By COLIN KONSCHAK, FACHE and DAVE LEVIN, MD
The opioid crisis in the United States is having a devastating impact on individuals, their families, and the health care industry. This multi-part series will focus on the role technology can play in addressing this crisis. Part one of the series proposed a strategic framework for evaluating and pursuing technical solutions.
A Framework for Innovation
Deaths from drug overdoses in the United States jumped nearly 10 percent last year, according to recent estimates by the Centers for Disease Control. One major reason for the increase: more Americans are misusing opioids.
Health IT (HIT) can play a pivotal role in addressing the opioid-abuse epidemic. To maximize impact, however, we believe it’s essential to organize and prioritize IT innovations and approaches. In part one of this series, we proposed a conceptual framework that sorts opportunities based on five types of functionality. In this article, we will explore one of these categories: technologies that enhance situational awareness.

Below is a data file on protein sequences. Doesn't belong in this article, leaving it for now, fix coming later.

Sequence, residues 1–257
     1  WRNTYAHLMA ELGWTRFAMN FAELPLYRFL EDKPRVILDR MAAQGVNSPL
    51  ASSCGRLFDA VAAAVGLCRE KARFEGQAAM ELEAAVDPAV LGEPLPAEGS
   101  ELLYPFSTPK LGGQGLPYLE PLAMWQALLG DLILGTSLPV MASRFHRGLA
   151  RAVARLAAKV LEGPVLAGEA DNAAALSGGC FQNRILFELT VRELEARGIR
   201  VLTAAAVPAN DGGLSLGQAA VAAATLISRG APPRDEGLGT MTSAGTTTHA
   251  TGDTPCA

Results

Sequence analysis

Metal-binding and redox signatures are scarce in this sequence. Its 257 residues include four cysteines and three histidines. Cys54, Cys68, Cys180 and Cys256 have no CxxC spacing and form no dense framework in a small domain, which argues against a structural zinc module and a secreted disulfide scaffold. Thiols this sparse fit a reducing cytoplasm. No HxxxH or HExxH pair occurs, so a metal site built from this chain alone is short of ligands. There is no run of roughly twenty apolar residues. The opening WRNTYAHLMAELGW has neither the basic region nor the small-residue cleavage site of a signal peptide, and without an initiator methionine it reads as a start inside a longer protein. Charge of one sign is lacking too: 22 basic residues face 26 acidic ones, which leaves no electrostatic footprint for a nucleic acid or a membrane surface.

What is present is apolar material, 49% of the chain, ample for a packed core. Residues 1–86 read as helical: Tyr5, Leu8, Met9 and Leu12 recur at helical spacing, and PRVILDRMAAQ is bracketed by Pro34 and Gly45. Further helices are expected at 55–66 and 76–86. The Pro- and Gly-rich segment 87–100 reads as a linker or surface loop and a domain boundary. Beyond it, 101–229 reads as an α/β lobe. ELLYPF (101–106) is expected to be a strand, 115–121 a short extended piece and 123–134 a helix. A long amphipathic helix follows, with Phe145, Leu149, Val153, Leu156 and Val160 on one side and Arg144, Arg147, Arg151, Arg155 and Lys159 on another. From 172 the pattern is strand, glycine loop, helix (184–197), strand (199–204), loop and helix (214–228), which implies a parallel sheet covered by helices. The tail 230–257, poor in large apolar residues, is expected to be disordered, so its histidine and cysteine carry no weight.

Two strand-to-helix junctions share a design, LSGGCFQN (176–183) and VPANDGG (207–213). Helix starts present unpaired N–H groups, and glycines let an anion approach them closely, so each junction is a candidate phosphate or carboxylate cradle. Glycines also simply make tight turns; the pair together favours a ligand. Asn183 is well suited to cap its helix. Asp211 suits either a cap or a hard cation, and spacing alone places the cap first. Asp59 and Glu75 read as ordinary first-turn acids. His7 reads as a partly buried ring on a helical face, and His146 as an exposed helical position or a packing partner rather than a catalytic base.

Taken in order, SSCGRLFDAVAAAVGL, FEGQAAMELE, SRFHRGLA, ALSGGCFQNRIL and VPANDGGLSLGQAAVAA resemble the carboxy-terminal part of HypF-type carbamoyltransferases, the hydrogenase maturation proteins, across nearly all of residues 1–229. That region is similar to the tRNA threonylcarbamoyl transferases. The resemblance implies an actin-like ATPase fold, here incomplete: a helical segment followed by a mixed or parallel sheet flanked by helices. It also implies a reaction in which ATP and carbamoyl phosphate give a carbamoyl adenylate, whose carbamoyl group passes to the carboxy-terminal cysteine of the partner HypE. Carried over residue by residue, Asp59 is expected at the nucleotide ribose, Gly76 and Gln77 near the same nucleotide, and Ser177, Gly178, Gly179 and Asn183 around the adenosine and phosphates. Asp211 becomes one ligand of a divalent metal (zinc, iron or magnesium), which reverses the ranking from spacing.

The Importance of Situational Awareness
Situational awareness centers on the perception of environmental elements and events, and how big and small changes affect the overall situation and its future state. The concept, which is widely used in military training and complex industries like aviation and oil refining, is essential to the successful execution of high-risk, high-performance activities. Situational awareness improves effectiveness and safety. In health care, we believe, the concept can be leveraged to identify, prevent, and curb opioid abuse.
There are several keys to achieving and maintaining situational awareness. First, the value of the concept must be accepted by those involved. Without broad acceptance, change isn’t possible. Consider this example from commercial aviation: